But the Republicans are staying in the dugout. They aren’t even bothering to take the bus to the stadium. A trillion in taxes, one dollar in taxes, it doesn’t matter; Republicans will not permit a tax increase of any kind. I’m bored of writing this sentence, so you, poor reader, must be even more bored of reading it, but it has to be said, because so many others are out there peddling the falsehood that both sides are equally to blame for the impasse: No—the impasse exists because of Republicans and taxes. Period. If the GOP moved on taxes, the Democrats would give ground on entitlements, as they have now signaled yet again. And the Democrats should not and cannot accept a deal in which there are no tax increases, because they have two-thirds of the country with them and because it’s the right thing.

Put it all together and the odds of an agreement seem long indeed. Could this rump effort of 100 bipartisan House members and 40 bipartisan senators move the boulder? It’s like asking if a Boy Scout could light a fire with two sticks in the rain. Maybe. The conditions have to be just right, and no one really knows what those conditions are.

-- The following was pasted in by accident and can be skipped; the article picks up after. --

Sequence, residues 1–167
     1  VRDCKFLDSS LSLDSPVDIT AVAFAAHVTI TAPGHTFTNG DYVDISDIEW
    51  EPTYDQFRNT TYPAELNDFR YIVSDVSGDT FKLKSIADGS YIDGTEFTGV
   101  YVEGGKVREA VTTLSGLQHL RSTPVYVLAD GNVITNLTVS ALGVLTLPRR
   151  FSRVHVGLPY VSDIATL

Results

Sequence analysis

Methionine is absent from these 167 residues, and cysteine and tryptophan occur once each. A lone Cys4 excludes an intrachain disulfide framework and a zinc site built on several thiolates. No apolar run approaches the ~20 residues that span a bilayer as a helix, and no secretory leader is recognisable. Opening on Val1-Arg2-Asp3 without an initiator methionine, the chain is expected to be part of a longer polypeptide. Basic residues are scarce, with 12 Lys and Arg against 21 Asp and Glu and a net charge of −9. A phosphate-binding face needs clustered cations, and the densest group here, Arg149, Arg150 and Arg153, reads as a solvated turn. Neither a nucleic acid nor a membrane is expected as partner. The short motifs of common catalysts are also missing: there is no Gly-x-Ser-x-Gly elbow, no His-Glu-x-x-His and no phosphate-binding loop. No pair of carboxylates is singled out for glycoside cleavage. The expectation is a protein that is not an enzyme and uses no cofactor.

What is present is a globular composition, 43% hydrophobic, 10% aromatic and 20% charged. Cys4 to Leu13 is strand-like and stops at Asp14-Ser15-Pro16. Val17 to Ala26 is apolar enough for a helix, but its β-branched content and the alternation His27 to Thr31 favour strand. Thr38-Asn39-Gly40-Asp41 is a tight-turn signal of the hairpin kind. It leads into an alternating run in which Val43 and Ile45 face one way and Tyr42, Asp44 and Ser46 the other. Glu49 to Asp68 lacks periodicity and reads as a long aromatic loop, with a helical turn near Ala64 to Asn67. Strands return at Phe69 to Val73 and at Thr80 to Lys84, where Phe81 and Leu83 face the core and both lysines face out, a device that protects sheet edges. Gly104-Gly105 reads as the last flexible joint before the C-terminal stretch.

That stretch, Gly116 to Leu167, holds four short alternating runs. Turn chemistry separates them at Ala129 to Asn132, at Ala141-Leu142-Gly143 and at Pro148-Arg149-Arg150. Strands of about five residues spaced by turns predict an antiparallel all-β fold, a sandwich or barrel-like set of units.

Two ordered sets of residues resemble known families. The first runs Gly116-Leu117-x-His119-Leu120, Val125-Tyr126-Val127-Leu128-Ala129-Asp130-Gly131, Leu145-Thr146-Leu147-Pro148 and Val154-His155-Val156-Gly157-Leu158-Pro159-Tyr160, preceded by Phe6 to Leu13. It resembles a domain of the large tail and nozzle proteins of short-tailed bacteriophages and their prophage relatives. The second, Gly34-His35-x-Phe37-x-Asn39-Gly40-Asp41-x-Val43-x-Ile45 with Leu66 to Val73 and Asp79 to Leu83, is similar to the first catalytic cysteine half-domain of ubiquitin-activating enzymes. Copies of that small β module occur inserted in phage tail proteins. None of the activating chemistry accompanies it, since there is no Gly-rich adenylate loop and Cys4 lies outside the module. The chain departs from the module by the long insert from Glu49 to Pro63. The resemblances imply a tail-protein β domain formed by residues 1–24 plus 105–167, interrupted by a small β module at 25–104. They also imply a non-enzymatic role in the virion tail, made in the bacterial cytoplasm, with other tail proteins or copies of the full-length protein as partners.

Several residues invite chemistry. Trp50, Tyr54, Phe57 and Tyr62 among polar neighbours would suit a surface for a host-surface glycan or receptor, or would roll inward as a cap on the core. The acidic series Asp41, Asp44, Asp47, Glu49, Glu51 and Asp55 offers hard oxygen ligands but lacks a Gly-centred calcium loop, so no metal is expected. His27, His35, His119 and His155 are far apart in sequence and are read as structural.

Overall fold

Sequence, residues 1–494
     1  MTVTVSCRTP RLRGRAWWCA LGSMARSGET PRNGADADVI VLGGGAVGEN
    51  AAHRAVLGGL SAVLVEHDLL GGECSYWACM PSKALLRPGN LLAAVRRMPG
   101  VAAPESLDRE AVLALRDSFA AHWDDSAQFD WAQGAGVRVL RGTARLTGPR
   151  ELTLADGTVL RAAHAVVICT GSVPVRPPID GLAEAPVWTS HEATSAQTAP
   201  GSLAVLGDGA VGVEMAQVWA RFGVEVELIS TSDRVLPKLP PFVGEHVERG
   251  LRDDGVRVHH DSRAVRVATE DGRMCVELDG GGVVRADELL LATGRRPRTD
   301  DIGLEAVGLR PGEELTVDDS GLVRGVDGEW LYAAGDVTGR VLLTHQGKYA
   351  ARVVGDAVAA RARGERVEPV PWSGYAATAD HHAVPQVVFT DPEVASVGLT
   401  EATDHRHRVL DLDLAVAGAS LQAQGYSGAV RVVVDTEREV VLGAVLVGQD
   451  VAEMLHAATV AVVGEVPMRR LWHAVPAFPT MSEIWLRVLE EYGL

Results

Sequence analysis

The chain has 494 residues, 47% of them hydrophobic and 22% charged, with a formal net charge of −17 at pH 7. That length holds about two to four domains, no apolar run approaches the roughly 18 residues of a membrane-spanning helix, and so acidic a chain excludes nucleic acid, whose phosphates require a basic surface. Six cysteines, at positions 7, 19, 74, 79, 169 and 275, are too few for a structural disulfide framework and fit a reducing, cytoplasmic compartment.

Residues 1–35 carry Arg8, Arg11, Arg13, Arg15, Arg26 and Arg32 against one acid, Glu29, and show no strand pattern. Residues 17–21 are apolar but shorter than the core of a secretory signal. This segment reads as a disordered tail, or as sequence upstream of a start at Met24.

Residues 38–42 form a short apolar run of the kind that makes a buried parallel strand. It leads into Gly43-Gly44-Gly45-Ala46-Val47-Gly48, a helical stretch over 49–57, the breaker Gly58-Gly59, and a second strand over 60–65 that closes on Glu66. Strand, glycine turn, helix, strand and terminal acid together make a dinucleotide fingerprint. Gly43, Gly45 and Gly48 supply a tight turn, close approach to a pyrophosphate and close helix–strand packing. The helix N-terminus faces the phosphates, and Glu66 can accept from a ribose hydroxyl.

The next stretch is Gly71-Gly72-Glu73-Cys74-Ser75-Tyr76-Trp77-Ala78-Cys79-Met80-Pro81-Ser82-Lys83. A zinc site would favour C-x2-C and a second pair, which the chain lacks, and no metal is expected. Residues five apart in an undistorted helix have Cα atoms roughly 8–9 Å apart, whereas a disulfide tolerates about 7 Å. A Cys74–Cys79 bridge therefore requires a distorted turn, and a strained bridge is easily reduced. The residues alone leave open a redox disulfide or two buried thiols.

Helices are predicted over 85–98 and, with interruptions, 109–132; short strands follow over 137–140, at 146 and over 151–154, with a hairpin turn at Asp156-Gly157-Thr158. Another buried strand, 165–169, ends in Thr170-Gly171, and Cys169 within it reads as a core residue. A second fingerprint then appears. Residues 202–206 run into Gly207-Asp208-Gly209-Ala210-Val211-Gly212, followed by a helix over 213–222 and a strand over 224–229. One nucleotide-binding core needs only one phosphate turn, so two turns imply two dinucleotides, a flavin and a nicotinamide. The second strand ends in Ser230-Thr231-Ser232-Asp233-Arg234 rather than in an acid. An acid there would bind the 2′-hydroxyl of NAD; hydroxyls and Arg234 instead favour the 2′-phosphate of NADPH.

Assuming no deal, here’s what I’m told is likely to happen after everyone has acknowledged the collapse. The Republicans will, as John McCain and others have suggested, turn up the heat on the question of defense cuts. They will introduce legislation to exempt the Pentagon from cuts. Now remember—these cuts to the Pentagon, 15 percent, were agreed to by both parties in the August debt-ceiling deal. But Republicans, being the clever dialecticians that they are, will decide that the course of history has changed, and that deal will mean no more to them than one of those secret treaties Lenin routinely abrogated back in the day.